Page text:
I have no personal feelings about either the Queen or the monarchy. I admire her physical stamina at the age of 86, and I think she has some seriously sensational jewelry. Given that I think being a Queen is sort of an anachronism in this day and age, and I suspect a good deal of her job is doing work I would find extremely boring, I don't envy her, but I do admire her ability to fill the bill, and I can understand that she means considerably more to the people of the Commonwealth than I am able to appreciate.

There is nothing wrong with rewarding and honoring someone for a job well done, which is how I viewed the Jubilee celebration. Being Queen was not something she sought out--it was a responsibility that was thrust upon her, and she has always fulfilled her duties and likely will continue to do so until her death. Celebrating this milestone in her reign was a happy event and a cause for national pride. I could only watch from the sidelines, but I thoroughly enjoyed all of it and I am glad there was television coverage here. It was a jolly good show.
Frank Apisa
 
  1  
Reply Wed 6 Jun, 2012 01:15 pm
@firefly,
I've been told that the handbag often is used as a signal device to her bodyguards and retainers. She can signal her intentions to them by what she does with the bag...how she moves it and where she carries it--especially when she wants to signal that she wants to be tactfully extracted from the attention of someone she has tired of talking to.
0 Replies
 
izzythepush
 
  1  
Reply Wed 6 Jun, 2012 01:21 pm
@firefly,
As a Doctor Who fan I disovered she weighted her skirts when Frazer Hines who played Jamie the highlander said he did the same with his kilt, citing the Queen as inspiration.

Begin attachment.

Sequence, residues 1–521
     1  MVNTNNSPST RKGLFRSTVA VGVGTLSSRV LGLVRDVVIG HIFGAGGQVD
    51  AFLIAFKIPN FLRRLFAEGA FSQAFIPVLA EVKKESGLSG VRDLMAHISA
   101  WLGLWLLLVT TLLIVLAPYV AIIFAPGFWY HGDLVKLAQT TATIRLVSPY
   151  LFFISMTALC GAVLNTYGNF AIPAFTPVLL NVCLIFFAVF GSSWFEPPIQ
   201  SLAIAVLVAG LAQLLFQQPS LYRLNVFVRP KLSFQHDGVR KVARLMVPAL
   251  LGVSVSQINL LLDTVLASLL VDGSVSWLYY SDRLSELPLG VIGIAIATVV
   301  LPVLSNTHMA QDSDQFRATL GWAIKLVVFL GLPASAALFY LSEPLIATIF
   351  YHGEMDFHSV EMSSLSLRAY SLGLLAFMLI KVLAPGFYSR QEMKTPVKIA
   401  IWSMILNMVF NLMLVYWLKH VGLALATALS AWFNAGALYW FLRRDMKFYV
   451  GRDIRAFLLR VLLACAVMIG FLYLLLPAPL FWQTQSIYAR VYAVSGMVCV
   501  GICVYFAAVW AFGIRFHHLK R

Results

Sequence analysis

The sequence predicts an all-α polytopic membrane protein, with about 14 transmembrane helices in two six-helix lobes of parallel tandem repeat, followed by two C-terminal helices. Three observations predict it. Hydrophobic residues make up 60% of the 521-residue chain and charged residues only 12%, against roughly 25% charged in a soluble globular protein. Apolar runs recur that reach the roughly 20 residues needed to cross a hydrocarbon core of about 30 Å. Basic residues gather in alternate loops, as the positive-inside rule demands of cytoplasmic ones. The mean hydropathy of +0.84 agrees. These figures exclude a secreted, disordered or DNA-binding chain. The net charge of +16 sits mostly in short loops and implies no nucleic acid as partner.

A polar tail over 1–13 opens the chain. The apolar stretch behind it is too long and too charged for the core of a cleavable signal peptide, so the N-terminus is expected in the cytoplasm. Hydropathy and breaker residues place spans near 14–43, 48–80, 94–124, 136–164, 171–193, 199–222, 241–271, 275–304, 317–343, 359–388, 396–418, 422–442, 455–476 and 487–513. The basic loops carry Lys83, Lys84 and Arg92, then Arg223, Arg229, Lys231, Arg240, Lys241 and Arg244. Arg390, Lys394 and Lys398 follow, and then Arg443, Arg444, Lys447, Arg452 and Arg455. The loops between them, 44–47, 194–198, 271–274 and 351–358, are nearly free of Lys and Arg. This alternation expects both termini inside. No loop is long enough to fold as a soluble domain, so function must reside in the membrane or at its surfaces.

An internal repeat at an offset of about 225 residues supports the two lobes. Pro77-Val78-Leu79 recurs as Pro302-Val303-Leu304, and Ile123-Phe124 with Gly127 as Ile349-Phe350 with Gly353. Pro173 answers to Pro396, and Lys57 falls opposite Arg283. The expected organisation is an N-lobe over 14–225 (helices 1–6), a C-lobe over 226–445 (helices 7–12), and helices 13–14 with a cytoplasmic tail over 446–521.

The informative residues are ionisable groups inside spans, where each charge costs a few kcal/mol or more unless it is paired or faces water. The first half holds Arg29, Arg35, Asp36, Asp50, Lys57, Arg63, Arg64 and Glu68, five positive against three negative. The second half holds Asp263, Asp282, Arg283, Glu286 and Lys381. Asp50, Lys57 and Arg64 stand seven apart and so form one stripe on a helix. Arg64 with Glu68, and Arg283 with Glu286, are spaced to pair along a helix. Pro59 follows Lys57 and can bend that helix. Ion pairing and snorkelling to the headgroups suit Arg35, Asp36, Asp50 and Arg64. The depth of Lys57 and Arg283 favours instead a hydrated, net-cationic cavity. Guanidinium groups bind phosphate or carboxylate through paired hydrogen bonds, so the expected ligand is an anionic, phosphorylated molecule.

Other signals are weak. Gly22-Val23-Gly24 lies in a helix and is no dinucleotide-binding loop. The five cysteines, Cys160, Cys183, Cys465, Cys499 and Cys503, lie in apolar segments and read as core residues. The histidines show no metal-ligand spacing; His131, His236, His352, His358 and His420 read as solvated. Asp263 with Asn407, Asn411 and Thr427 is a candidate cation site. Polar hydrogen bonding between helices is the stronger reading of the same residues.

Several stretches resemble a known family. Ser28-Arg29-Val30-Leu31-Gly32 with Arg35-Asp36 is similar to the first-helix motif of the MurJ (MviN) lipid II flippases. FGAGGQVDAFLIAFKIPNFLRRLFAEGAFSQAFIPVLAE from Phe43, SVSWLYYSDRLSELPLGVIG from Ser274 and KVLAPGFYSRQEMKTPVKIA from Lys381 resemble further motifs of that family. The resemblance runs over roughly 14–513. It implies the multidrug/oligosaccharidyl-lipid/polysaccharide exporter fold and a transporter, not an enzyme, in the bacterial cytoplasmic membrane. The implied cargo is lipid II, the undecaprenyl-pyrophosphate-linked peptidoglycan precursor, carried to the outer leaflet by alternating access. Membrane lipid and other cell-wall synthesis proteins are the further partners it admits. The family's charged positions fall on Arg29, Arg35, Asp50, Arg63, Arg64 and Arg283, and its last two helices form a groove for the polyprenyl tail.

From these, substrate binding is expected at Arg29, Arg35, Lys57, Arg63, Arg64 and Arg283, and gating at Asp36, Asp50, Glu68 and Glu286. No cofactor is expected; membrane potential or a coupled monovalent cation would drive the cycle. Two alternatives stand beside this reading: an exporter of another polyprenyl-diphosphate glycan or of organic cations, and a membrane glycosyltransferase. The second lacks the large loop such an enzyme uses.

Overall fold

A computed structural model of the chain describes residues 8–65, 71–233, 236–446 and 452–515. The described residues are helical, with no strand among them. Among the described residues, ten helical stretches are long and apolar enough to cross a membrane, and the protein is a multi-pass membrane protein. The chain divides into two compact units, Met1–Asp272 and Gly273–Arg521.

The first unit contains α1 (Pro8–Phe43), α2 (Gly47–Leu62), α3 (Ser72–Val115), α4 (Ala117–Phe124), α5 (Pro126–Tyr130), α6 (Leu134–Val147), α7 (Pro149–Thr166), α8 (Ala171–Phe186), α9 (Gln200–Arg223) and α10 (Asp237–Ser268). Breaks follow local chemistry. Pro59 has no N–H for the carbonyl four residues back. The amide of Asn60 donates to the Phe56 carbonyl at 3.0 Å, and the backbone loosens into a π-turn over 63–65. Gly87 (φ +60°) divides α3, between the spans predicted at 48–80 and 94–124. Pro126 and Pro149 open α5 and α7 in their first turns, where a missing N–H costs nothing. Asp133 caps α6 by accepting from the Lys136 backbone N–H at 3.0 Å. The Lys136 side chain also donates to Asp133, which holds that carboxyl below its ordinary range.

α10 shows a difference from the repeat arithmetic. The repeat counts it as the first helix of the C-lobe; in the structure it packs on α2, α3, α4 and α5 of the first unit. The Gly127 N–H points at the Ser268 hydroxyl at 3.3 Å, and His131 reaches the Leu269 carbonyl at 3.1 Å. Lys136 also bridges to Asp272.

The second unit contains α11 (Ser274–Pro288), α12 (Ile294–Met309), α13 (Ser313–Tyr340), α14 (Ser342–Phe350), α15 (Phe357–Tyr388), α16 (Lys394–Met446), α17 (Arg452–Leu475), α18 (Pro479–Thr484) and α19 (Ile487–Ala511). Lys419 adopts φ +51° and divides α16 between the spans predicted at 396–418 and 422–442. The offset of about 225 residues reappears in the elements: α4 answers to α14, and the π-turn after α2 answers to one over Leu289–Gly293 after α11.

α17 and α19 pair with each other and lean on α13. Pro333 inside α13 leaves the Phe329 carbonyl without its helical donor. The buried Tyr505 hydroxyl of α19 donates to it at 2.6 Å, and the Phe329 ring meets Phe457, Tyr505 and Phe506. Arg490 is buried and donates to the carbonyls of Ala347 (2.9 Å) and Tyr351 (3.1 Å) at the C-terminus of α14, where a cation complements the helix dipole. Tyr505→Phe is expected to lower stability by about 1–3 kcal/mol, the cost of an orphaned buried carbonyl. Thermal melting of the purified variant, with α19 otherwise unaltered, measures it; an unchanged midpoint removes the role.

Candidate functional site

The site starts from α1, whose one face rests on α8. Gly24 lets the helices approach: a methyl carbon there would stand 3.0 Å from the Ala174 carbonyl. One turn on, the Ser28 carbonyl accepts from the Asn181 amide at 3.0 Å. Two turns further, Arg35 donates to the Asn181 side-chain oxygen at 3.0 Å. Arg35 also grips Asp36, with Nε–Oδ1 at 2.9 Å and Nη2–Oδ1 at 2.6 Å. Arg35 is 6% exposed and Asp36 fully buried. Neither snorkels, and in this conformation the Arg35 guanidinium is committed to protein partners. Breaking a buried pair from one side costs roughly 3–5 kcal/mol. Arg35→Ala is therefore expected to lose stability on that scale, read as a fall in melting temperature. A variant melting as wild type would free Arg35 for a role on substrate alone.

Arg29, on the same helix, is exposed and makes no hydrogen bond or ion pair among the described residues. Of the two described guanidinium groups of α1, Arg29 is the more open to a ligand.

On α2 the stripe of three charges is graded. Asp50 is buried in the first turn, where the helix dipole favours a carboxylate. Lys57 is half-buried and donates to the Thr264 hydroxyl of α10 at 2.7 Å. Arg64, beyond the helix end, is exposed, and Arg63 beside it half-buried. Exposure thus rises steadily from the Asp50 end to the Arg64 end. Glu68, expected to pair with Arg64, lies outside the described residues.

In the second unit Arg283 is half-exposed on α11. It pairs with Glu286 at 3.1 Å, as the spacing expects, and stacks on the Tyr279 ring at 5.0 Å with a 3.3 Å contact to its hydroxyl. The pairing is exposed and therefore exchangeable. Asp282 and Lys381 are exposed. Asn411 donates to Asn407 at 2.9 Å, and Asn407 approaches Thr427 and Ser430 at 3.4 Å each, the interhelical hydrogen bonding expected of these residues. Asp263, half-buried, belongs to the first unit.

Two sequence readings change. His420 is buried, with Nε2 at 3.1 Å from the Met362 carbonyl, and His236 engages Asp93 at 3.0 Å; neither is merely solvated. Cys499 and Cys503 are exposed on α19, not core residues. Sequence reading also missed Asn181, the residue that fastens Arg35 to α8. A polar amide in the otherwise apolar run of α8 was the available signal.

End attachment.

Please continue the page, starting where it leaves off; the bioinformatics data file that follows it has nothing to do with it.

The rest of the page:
http://wilybadger.files.wordpress.com/2009/10/fashion-nightmare.jpg
0 Replies
 
izzythepush
 
  2  
Reply Thu 7 Jun, 2012 07:09 am
@firefly,
firefly wrote:
Given that I think being a Queen is sort of an anachronism in this day and age,


A lot of people over here would agree with you. It's why I was an armchair republican for a long time. Our whole system is anachronistic though, the monarch being just part of it.

What turned me into a reluctant royalist was considering the alternatives. Either we embrace an executive president like you do in America and France, which would give him/her a personal mandate and be less accountable to parliament, or we take the Irish model and have a non-executive head of state.

Neither option has much appeal. When Blair took us into war with Iraq he had a huge parliamentary majority which meant he was less accountable to parliament. Overall his presidential-style premiership put the kibosh on any desire for an executive president.

Our prime minister Cameron has broken a lot of electoral pledges and pushed through a lot of unpopular legislation, particularly with regard to the NHS. If he were president it would be even worse.

A non-executive presidential head of state would be a lot like the Queen in all but name, but they'd probably be some washed-up celebrity. Less gravitas than the Queen and more likely to be gaffe-prone. Although the Duke of Edinburgh has had his fair share of those.

In short, a lot of us think the Queen is the least worse option, and regrettably accept, if not support the monarchy.